And yet as the process comes to a close finally, there's a palpable sense amongst all involved that the immediate emotional reaction to whatever Howard decides will not be despair or elation, but rather relief.
That it's finally over. That both Howard and everyone involved can move on. And at long last, there is clarity -- one way or another -- of where everyone stands.
It is an enormous moment for the Lakers franchise, Howard and all the other teams involved, and perfunctory one.
Howard will either stay or go, and from there the Lakers will either rejoice or regroup.
On one level it feels enormous -- like a referendum on the Lakers franchise, the strength of its brand and the franchise's great history in the NBA.
But on another level it doesn't seem like all that big of a deal at all. If Howard elects to leave, it will sting for a little while, but five minutes later the Lakers will move on to their 2014 strategy.
It will be a much bigger deal in Houston or Dallas or wherever Howard may choose to play if he leaves, of course. A franchise-defining moment for either club, not to mention a chance for the rest of the NBA to bask in some Lakers misfortune.
But even for Howard, the stakes seem somehow both ridiculously high and not that big of a deal at all.
He'll either go or stay, but the biggest development, the most meaningful one anyway, will be that it will all finally be over and he can, in the words of one source intimately involved in the process, "get back to focusing on becoming a champion."
The long Dwightmare, the process everyone involved in simply can't wait to be finished with, will be over soon. All that strutting and fretting upon the stage will just be another long NBA tale, signifying everything -- or nothing -- in the end.
Here's the scoop from Broussard:
Howard is willing to forgo the extra $30 million the Lakers can pay him to play for a coach and in a system he feels will better use his skill set, one source said.
The Lakers can offer Howard a five-year, $118 million contract, while other teams can pay him only $88 million over four years.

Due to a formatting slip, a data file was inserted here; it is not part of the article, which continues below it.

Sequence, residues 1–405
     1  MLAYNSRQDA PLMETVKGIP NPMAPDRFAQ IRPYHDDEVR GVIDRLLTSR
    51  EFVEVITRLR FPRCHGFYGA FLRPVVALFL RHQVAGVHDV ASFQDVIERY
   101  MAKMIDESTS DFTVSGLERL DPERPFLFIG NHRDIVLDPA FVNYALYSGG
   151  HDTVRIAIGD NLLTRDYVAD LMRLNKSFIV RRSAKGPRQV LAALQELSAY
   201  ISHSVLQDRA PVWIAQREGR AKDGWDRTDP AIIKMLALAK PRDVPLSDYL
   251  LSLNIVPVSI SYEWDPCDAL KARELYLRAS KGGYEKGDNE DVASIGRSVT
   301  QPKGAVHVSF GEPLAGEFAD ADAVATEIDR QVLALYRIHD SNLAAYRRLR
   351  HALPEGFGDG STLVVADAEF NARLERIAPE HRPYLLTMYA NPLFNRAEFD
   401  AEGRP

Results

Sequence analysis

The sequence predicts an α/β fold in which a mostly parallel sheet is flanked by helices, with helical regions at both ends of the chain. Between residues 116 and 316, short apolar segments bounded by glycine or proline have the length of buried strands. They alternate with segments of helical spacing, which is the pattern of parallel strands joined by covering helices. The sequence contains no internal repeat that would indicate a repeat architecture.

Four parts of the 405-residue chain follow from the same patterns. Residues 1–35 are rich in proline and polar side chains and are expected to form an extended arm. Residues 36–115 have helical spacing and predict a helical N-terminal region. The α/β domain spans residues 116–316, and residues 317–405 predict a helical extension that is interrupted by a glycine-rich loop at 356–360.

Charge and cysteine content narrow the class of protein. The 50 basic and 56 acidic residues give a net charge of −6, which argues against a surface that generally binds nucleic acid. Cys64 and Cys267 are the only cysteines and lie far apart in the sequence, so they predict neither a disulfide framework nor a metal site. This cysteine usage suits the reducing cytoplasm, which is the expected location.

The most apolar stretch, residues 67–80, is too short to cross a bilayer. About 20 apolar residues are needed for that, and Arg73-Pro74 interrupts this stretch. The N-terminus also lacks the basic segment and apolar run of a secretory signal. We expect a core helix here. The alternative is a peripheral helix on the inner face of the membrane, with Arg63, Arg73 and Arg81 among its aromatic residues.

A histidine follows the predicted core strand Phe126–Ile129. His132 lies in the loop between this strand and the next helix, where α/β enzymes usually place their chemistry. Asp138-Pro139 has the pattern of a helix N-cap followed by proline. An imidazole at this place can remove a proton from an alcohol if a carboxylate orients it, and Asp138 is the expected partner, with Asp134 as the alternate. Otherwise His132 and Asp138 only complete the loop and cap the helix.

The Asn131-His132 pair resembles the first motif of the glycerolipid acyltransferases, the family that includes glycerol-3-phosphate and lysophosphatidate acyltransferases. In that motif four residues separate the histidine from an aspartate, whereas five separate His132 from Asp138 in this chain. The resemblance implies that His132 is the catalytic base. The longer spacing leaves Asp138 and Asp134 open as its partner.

Howard plans to meet with the Dallas Mavericks, Houston Rockets and Atlanta Hawks before meeting with the Lakers once teams are allowed to contact free agents beginning July 1, a source said. It appears that the teams will visit Howard in Los Angeles.
According to this breakdown by an accountant, the financial difference is realistically $9.3 million should Howard choose Houston over L.A.
But enough about why Howard would leave. The question for the Lakers is, what do they do if Howard does indeed bolt?
I explored this scenario when detailing the Lakers' offseason options a couple of weeks ago.
The first decision the Lakers would have to make is whether they plan to simply let Howard walk, or try to work with him on a sign-and-trade deal.
LOS ANGELES -- In what has seemed at times like a never-ending Los Angeles Lakers season, the last game of the regular season came down to the last minute of overtime.
The Memphis Grizzlies seemingly took most of the drama out of the night for the Los Angeles Lakers before their game had even tipped off against the Houston Rockets.
Memphis beat the Utah Jazz to assure the Lakers a playoff berth for the eighth straight season and 19th time in the past 20.
So, as disastrous as the Lakers' season has seemed, L.A. did make good on Kobe Bryant's playoff guarantee even with Bryant out for the rest of the season after Achilles tendon surgery and, even with a loss against Houston, L.A. would finish the season 28-12 over its final 40 games.
But there was still the business of who the Lakers' and Rockets' first-round opponents would be.
The winner would get to play the No. 2-seeded San Antonio Spurs. The loser would have to face the Western Conference's top team, the Oklahoma City Thunder.
L.A. gets the Spurs, it turns out, after a 99-95 overtime win over the Rockets. So instead of having to face a 60-win Oklahoma City team that ousted L.A. from the playoffs last season, the Lakers get a Spurs team that is just 3-7 over its last 10 games heading into the playoffs, including a 91-86 loss to the Lakers last weekend.